MATT MAUST: This bus is different now. The first three, four, or five US tours were in a van. Now we have this bus, which is very different.
NATHAN WILLETT: There is a lot that is different! Jonnie [Russell, their guitarist] and I are married now, which makes it easier in ways and harder in others. I really enjoy touring a lot of the time, but other times it is quite hard.
BRILLSON: So, since you’ve graduated from van to huge bus, do you have any bus-riding tips?
MAUST: Don’t slam the door because everyone wakes up. If you actually get to get to sleep, you’ll wake up so easily.
WILLETT: We actually had a pretty wild dance party about a week ago when we had our first day off about a week ago… you can strobe in here!
MAUST: Don’t tell the driver that we spilled beer all over the seats.
BRILLSON: I won’t, I promise. Speaking of wild parties, Nathan, what is it like being a rocker who is married? What has changed for you?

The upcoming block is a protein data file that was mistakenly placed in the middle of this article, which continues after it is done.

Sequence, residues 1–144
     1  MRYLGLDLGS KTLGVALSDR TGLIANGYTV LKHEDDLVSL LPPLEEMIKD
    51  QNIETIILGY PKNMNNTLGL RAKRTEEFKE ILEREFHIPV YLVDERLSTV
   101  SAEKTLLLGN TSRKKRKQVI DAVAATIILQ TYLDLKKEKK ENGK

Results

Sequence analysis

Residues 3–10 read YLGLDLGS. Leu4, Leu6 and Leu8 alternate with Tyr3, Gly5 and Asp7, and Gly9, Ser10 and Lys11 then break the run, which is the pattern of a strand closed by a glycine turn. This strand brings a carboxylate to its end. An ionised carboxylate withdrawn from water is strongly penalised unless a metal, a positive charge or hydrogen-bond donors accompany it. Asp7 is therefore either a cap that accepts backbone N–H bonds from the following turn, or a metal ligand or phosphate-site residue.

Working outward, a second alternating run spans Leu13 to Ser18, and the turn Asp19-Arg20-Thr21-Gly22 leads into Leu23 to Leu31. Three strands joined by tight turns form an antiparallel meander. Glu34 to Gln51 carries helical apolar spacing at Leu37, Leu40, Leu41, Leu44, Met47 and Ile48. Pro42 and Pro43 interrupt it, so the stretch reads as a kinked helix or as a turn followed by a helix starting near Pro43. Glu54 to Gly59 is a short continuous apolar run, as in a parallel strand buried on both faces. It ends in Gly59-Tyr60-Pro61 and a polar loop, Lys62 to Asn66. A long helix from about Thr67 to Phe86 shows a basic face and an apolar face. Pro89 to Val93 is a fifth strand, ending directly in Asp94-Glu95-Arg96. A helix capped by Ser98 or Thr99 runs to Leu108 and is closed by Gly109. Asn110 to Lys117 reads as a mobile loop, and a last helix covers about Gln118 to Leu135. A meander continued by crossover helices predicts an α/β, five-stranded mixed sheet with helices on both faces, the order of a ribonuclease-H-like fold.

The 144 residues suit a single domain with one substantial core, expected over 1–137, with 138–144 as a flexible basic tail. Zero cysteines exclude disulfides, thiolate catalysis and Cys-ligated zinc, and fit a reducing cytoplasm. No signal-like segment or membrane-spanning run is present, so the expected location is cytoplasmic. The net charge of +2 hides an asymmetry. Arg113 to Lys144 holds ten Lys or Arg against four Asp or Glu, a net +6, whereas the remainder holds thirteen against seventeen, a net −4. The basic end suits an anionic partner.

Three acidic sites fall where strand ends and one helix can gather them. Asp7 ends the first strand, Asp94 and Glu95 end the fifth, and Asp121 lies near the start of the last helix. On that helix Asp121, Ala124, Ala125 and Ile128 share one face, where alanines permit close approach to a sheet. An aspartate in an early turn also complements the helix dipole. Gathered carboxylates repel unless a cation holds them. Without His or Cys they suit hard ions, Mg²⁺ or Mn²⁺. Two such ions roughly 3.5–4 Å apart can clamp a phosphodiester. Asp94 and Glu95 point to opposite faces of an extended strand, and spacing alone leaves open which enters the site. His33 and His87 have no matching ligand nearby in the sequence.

WILLETT: On the positive side, it makes you more serious about what you are doing, and getting stuff done. This is a dorky reference, but I was reading the Spin with The Strokes on it, and it was Albert Hammond, Jr.—who we just saw the night before—and he was saying it was a lot more cool to get a lot of work done than it is to have a bunch of fucked-up stories. I thought, “Yeah, that’s true.” There are things you can’t “indulge” in, but you have a vision for the big picture of what you are doing. Fun is a part of it, but you learn to put your “rock mask” on for the show at night, but you learn to control this big monster you’ve created.